The U.S. Department of Labor (DOL) has announced a proposed rule extending the protections of the federal Family and Medical Leave Act (FMLA) to all eligible employees in legal same-sex marriages, regardless of where they live.
Under the FMLA, an eligible employee of a covered employer (50 or more employees in at least 20 workweeks in the current or preceding calendar year) is entitled to take unpaid, job-protected leave for specified family and medical reasons, including to care for the employee’s spouse who has a serious health condition.
The U.S. Supreme Court’s decision in United States v. Windsor struck down the federal Defense of Marriage Act provision that interpreted “marriage” and “spouse” to be limited to opposite-sex marriage for purposes of federal law. In response, the DOL revised its agency guidance, effective as of June 26, 2013, to clarify the definition of “spouse,” for purposes of the FMLA, to mean a husband or wife as defined or recognized under state law for purposes of marriage in the state where the employee resides, including “common law” marriage and same-sex marriage.
The proposed rule makes significant changes from previously issued guidance. Such changes include the following:
- The FMLA regulatory definition of “spouse” is based on the law of the place where the marriage was entered into, sometimes referred to as the “place of celebration” (currently, the regulatory definition of “spouse” only applies to same-sex spouses who reside in a state that recognizes same-sex marriage).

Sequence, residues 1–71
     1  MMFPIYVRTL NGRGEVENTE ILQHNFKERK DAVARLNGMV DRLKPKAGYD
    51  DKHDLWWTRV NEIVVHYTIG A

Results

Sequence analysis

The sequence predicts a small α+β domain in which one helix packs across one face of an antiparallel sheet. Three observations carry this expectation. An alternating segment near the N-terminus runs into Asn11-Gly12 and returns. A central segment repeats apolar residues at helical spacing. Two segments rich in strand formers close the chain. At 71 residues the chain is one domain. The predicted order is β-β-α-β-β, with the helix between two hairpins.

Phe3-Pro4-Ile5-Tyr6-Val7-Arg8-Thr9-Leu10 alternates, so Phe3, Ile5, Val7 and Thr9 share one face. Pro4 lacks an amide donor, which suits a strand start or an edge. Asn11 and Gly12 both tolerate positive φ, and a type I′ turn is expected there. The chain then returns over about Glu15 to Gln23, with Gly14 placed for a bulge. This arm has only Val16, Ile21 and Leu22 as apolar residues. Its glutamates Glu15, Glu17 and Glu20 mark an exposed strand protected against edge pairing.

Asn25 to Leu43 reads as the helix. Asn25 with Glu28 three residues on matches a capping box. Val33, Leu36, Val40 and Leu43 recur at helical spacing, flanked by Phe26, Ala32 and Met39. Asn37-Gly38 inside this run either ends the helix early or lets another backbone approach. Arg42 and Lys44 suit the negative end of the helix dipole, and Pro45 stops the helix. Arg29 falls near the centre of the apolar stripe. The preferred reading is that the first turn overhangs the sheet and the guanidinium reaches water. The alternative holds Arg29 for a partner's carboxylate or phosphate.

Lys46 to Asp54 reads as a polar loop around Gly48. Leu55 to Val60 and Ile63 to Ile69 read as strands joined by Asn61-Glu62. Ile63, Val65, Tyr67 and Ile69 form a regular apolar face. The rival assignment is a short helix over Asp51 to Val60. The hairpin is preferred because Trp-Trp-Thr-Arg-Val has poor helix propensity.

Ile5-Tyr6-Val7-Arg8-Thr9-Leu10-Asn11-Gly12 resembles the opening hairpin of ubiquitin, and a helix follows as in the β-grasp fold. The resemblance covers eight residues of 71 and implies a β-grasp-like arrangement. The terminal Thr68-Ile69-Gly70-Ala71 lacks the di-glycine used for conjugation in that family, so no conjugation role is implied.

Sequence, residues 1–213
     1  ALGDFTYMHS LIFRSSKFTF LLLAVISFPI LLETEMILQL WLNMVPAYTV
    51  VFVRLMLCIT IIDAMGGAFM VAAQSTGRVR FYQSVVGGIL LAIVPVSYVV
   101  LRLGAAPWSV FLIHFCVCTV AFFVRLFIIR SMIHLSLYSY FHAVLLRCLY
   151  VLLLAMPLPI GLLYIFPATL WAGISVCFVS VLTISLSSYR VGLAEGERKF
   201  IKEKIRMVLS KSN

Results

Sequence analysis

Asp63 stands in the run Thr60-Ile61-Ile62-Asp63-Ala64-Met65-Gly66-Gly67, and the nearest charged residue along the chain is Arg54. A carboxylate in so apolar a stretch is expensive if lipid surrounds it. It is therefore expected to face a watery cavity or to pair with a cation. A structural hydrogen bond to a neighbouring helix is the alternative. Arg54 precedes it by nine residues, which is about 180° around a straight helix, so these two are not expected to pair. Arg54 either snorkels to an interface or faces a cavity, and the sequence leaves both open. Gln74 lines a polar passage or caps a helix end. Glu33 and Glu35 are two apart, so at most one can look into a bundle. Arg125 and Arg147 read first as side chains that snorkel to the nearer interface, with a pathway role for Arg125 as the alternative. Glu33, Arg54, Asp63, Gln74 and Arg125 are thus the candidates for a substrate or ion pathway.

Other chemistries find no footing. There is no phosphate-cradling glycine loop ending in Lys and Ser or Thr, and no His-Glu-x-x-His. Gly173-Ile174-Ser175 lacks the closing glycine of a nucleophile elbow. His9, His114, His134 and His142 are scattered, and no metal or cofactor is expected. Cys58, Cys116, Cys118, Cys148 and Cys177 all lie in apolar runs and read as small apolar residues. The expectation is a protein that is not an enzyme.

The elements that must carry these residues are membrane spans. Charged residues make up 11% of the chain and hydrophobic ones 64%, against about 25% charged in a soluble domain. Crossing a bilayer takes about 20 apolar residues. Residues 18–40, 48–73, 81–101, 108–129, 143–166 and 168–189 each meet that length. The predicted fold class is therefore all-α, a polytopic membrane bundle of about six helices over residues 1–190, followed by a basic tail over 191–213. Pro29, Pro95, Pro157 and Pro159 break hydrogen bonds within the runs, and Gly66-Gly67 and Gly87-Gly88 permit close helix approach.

- The proposed definition of “spouse” expressly references the inclusion of same-sex marriages (in addition to common law marriages), and will encompass same-sex marriages entered into abroad that could have been entered into in at least one state.
The proposed definitional change would mean that eligible employees, regardless of where they live, would be able to:
- Take FMLA leave to care for their same-sex spouse with a serious health condition;
- Take qualifying exigency leave due to their same-sex spouse’s covered military service;
- Take military caregiver leave for their same-sex spouse; or
- Take FMLA leave to care for their stepchild or stepparent, even if certain in loco parentis requirements are not met.